We are a small, privately-run, non-profit museum whose mission focuses on a very unique niche of American history and culture…The Watermen. So, what’s a Waterman?
Some in California and Hawaii would try to tell you that their watermen are the surfers and recreational fishers. But, we know better. We rely on the definition handed down for generations, a definition the early colonists brought to America from England’s Thames River.
It’s simple…a Waterman is someone who makes their living on the water. The regional commercial men and women who ‘drudge’ for clams, tong for oysters, pull crab pots, or haul shrimp or fishing nets are definitely Watermen. And, if you ask local folks of the Chesapeake Bay, that’s who we all think of when the term is used. However, Watermen are also those who operate tugs, ferries, and barges. They’re Coasties and Navy sailors, and even a small group of maritime Army and Air Force folks. And, Watermen are Marine Police, Fire Boat sailors, commercial cargo sailors, crews aboard tourism schooners, and more.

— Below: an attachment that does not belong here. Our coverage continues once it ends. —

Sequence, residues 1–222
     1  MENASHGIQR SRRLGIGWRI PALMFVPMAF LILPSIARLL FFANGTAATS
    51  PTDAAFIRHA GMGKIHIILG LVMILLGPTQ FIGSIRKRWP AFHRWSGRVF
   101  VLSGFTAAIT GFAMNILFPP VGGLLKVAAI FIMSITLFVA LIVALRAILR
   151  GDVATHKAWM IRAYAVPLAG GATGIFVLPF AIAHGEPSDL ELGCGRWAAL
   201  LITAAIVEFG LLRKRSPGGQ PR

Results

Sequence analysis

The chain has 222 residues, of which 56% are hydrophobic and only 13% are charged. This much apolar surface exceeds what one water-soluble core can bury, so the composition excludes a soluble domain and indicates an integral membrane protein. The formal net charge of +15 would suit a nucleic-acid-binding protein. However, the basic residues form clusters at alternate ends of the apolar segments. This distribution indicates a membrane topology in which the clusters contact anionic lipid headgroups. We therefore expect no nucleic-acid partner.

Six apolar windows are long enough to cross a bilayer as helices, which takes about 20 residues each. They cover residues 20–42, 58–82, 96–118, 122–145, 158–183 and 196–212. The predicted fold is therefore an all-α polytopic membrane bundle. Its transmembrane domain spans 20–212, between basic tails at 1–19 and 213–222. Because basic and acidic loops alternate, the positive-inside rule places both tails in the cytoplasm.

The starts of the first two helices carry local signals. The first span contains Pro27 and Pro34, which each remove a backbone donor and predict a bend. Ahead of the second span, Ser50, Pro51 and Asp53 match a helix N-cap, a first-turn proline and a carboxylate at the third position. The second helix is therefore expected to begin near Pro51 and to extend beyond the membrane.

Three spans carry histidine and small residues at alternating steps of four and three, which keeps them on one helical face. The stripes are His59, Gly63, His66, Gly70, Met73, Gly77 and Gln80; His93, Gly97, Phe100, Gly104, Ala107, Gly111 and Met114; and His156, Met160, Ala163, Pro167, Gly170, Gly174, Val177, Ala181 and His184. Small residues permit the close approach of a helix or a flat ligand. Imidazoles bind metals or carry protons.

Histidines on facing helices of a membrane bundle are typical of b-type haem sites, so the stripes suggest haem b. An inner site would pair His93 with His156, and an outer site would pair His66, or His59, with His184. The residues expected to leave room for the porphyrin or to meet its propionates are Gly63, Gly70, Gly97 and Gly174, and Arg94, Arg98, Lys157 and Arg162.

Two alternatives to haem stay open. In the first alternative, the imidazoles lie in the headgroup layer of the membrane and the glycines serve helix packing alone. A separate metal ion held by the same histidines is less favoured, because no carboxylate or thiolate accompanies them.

But, for the moment, lets just focus on the local commercial seafood gatherers we call Watermen.
Above, a pic of the deadrise boat, “Only Son” taken near Holiday Marina on the Severn River in Gloucester VA.
The link below shows some not-so-recent pics of area watermen and their crafts.